Two pro-democracy lawmakers said on Monday that they will not plead guilty to charges related to a protest that took place at a Legislative Council meeting earlier this year.
Democratic Party lawmakers Lam Cheuk-ting and Andrew Wan were each charged with the offence of obstructing legislature officers from exercising duties.
This offence is under section 19(b) of the Legislative Council (Powers and Privileges) Ordinance. The maximum punishment is a HK$10,000 fine and a twelve-month jail sentence.
Wan will also be charged with an extra count of common assault. The charges relate to a meeting that took place on June 13 in which lawmakers were debating the controversial joint checkpoint arrangement for the Guangzhou-Shenzhen-Hong Kong Express Rail Link.
At the time, pro-democracy lawmakers chanted slogans and posed questions to the legislature’s president as a way of obstructing officials from speaking.
Security guards removing the two lawmakers claimed to have been injured in the process. Lam and Wan also claim to have been injured.
“We will not surrender to the Carrie Lam administration,” Lam said on Monday, as he and Wan appeared at the Wan Chai police headquarters for an appointment with the force ahead of their arrest. When queried on his feelings towards her leadership, he added; “I have no expectations for Carrie Lam… she has done a lot of ugly things.”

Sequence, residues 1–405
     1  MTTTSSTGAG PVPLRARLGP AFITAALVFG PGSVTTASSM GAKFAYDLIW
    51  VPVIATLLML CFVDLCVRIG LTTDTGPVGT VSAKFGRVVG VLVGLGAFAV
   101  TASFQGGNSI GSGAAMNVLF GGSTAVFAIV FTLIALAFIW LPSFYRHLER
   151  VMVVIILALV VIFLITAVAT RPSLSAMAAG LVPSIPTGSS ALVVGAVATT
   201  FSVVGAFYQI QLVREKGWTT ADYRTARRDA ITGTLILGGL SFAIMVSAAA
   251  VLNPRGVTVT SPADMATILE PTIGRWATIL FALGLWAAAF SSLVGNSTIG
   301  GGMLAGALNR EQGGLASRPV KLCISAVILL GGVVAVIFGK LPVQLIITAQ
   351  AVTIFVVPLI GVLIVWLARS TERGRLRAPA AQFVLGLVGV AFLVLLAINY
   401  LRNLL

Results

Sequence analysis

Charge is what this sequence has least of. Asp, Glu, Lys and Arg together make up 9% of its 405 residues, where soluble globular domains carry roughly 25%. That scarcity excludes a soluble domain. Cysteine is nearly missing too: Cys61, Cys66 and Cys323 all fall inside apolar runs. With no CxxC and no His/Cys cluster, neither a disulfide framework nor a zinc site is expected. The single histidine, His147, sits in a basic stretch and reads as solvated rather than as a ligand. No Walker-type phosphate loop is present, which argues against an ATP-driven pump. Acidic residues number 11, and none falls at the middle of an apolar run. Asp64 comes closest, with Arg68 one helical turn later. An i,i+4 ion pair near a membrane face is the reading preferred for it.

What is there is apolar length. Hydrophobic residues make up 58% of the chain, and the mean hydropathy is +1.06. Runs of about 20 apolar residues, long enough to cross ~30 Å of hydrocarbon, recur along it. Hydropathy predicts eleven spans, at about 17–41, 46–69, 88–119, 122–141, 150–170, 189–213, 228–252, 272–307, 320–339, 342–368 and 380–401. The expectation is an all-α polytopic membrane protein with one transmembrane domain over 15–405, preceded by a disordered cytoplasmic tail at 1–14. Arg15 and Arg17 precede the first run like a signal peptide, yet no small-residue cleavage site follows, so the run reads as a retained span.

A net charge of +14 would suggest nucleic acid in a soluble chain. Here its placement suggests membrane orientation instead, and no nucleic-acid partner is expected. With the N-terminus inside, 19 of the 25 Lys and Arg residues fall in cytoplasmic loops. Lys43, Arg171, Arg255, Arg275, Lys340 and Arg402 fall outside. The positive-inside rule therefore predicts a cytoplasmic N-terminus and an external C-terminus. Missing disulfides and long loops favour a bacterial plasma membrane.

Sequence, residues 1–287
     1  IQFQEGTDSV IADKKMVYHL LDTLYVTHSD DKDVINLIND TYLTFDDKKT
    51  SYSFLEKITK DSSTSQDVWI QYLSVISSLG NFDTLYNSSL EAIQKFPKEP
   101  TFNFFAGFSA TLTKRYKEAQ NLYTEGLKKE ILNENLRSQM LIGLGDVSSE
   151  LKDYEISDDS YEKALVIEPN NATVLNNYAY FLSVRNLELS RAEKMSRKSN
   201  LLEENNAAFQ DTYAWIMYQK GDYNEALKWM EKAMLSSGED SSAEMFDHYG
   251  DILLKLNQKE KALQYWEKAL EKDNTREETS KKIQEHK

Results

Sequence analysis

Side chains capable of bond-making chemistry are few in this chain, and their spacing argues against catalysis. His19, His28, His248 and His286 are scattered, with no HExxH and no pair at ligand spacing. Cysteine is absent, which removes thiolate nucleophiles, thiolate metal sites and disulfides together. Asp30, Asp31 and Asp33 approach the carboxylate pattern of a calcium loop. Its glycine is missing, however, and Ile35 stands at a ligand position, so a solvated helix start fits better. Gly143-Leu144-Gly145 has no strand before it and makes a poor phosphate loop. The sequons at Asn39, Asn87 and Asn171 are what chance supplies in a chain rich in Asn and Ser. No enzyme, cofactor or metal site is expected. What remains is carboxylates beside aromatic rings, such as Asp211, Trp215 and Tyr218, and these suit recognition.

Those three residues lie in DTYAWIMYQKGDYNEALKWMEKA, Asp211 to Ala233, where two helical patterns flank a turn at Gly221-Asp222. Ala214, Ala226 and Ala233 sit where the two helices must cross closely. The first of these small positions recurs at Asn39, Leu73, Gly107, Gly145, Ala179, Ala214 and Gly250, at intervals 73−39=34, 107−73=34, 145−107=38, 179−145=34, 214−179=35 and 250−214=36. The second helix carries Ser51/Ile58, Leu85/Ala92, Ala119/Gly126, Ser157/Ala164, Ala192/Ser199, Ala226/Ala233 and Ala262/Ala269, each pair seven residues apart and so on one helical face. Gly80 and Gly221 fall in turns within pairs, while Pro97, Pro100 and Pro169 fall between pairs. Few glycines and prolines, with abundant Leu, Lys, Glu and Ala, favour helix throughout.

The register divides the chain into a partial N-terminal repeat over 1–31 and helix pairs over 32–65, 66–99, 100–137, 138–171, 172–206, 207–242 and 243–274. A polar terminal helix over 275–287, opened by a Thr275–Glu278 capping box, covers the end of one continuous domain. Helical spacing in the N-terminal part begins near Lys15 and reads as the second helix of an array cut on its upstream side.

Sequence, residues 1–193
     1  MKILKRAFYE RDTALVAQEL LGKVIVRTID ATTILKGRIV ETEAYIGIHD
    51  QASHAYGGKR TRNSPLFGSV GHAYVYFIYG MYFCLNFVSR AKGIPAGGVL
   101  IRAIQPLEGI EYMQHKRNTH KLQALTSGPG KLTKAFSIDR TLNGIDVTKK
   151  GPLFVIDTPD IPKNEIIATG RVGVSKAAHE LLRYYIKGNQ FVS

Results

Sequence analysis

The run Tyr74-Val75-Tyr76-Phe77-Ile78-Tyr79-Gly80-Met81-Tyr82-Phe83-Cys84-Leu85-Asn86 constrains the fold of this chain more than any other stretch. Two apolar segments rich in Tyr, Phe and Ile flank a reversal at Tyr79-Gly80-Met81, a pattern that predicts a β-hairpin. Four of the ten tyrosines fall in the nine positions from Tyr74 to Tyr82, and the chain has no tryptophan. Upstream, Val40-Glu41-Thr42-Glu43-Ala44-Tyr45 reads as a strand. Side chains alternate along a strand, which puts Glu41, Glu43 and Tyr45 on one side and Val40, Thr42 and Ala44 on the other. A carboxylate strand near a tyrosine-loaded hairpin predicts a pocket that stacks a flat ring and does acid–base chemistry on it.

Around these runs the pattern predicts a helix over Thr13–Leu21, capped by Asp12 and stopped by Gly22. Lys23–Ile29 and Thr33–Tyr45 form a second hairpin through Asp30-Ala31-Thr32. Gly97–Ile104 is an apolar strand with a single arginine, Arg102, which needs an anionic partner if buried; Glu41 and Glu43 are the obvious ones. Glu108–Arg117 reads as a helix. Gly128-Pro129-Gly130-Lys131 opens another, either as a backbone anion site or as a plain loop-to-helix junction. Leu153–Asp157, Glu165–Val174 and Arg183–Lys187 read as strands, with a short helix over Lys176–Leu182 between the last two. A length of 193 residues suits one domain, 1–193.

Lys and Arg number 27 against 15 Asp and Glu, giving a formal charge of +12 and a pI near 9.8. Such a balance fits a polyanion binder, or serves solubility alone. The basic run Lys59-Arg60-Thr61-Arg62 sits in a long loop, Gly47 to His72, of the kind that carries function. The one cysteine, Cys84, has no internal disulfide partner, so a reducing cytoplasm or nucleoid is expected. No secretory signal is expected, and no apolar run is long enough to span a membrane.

Lam claimed that he had not left his seat during the protest, that he had only protested verbally and was removed by a guard after a few minutes.
“Being a lawmaker is a high-risk job,” he said. “One may be arrested, charged, and jailed.”
Wan said on Monday that during the protest he had been kicked out of the chamber by the legislature’s president, just around three seconds after receiving one warning.
“The charges are ridiculous,” he said. “I have no intention of assaulting anyone.”
Last year, the government charged former lawmaker “Long Hair” Leung Kwok-hung with contempt of the legislature after he took several documents from a Hong Kong government official at a legislative meeting in 2016.
Magistrate Ada Yim ruled in March that the “contempt” provision within section 17 in the Legislative Council (Powers and Privileges) Ordinance did not apply to lawmakers. Leung was a lawmaker when the incident occurred. The government is appealing the ruling.
Leung arrived at the police headquarters on Monday to show support for Lam and Wan, saying that the government was trying to find new different laws with which to charge lawmakers.
“In the future, lawmakers may be charged for peaceful protests,” he said. “I don’t see any reason [why Lam and Wan] should plead guilty.”
Leung also said that he believed the government targeted Lam and Wan because they launched a campaign to raise funds to investigate former chief executive Leung Chun-ying’s HK$50 million UGL payment controversy.
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